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Beit Midrash Series Parashat Hashavua

Freedom – For Whose Sake?

After the seventh in a series of Shemitta cycles, Bnei Yisrael, in the time that “all its inhabitants” are in Eretz Yisrael, are commanded in the laws of Yovel (Vayikra 25:8-13). There are three main halachot: Jewish slaves are set free (ibid. 10); the land is not worked, as in the previous Shemitta year (ibid. 11); fields that were sold are returned to their original owner (ibid. 13).
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After the seventh in a series of Shemitta cycles, Bnei Yisrael, in the time that "all its inhabitants" are in Eretz Yisrael, are commanded in the laws of Yovel (Vayikra 25:8-13). There are three main halachot: Jewish slaves are set free (ibid. 10); the land is not worked, as in the previous Shemitta year (ibid. 11); fields that were sold are returned to their original owner (ibid. 13).

There are two ways of looking at these laws, especially when one views all elements as linked (and do not just happen to overlap chronologically). The Sefer Hachinuch (mitzva 330) champions the approach that the focus is on heightening our realization that the Creator of the World owns everything, so that none of our personal acquisitions and financial rights are permanent but will get returned to their original state. Our slaves are not ours; we can work our own fields only when and how Hashem allows; fields we acquired cease to be ours. Hashem is everything, and we are His slaves, who lack full ownership of anything. In this way, Yovel is a continuation and escalation of Shemitta, which it follows. (Abarbanel points out that when refraining from working the land during Shemitta, the Torah refers to "your field," "your vineyard," whereas during Yovel one is not to harvest "its growth.")

The simpler approach is that Yovel focuses on a high level of social equality. One must return the field that he acquired legally from someone else. Usually, this happened when he had to pay debts with the proceeds of the sale, and he became landless. One must allow his legal slave to go free. This also usually happened when poverty pushed one’s fellow man to sell himself or led him to thievery for which he was sold when he couldn’t pay back that which he stole. One must allow these people to go back to their freedom and their field, respectively, with the hope that they learned how to do things in a better way and/or will merit more Divine Assistance than they did the first time around.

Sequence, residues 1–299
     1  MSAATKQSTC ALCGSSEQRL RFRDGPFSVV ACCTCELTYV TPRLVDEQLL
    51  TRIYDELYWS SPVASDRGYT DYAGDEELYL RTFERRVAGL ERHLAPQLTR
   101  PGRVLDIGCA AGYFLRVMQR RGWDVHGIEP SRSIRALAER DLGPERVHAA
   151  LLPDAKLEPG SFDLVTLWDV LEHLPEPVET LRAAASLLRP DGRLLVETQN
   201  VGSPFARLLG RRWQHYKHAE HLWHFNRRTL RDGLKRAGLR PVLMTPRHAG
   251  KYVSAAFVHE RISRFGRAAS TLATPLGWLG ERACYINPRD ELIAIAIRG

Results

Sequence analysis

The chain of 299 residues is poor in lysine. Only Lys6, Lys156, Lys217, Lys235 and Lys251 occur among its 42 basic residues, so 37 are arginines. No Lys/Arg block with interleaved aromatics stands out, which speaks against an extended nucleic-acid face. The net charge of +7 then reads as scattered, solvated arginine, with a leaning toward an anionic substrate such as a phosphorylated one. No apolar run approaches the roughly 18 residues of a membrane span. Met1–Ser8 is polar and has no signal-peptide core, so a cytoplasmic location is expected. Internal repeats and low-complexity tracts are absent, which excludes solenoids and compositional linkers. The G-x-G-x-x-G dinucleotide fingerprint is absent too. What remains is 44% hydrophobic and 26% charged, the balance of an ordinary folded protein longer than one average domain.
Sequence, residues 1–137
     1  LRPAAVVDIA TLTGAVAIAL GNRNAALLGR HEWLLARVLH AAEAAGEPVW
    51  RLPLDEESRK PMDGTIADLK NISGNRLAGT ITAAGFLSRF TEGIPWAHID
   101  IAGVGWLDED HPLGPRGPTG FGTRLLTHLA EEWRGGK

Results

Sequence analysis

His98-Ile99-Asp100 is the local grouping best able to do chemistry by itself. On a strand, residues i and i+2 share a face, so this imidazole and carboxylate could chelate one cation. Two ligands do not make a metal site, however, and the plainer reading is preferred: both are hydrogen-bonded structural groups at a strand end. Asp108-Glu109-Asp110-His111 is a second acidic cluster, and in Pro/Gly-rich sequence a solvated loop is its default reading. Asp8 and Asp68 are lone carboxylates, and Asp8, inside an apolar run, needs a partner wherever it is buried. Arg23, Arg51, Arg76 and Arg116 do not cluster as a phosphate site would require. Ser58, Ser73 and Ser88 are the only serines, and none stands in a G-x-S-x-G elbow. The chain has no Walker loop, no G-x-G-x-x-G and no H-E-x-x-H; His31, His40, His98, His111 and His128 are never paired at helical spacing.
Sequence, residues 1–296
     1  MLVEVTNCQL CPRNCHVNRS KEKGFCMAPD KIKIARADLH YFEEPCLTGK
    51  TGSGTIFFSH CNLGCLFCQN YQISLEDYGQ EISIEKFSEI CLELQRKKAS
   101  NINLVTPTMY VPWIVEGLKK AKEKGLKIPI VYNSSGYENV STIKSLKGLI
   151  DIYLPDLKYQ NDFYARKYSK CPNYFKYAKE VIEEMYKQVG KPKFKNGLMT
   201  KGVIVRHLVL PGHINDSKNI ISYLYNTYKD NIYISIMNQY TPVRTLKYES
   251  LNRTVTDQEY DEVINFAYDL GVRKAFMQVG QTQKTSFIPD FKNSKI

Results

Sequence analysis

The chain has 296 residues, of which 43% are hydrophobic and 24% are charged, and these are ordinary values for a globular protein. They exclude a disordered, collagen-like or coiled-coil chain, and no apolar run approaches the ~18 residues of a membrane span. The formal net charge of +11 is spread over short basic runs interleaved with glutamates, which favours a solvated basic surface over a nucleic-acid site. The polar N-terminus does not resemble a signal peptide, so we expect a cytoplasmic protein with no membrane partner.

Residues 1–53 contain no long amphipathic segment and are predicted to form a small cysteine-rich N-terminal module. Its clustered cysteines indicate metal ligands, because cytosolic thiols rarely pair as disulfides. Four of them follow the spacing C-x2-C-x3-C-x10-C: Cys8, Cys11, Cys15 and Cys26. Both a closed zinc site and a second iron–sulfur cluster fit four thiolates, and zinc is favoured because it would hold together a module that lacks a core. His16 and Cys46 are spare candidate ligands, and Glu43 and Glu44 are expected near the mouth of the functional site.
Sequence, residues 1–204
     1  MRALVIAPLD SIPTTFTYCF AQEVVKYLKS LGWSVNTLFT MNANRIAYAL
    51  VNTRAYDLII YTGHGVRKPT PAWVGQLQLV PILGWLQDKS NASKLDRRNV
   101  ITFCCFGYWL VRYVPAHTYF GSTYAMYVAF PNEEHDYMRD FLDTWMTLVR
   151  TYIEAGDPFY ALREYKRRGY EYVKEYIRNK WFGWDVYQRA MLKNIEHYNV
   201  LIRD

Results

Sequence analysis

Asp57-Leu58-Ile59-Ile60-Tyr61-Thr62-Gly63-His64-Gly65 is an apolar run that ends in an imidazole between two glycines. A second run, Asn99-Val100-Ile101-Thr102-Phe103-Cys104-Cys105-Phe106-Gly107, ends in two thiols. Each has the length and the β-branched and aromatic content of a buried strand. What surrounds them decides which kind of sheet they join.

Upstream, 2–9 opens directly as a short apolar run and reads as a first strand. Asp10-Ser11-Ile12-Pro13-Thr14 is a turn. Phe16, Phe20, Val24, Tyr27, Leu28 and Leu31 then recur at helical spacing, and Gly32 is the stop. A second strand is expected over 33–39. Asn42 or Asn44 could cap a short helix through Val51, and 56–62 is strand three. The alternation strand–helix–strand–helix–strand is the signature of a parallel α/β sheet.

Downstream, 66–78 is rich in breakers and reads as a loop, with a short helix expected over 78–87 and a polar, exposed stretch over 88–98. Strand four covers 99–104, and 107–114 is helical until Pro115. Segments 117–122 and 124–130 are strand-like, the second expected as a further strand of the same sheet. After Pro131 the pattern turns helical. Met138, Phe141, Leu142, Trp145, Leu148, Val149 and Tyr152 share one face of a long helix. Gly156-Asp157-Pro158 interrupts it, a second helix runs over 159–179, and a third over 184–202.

One indication that points to the strength of the second approach is the halacha that even a Jewish slave who is sold to a non-Jewish buyer goes free during Yovel (Rambam, Avadim 2:6). In that case, the Torah has in mind the benefit of the Jewish slave, not his non-Jewish owner. On the other hand, what does the Shemitta of the land have to do with people returning hope to the poor?

The simplest and most likely answer is that the two approaches are not contradictory but complementary; elements of both approaches are true. But there is another possibility with fascinating implications. When a slave is set free, he is certainly starting behind others. He needs time to get accustomed to financial responsibilities that he previously failed at. He has not prepared his field for harvest and is likely to fall behind again. Therefore, he is released during Yovel, the second straight year of Shemitta. He is in the same boat with everyone else, who struggle with the challenges of Shemitta and share produce. By year’s end, he and everyone else go back to working their fields and preparing for a brighter future.
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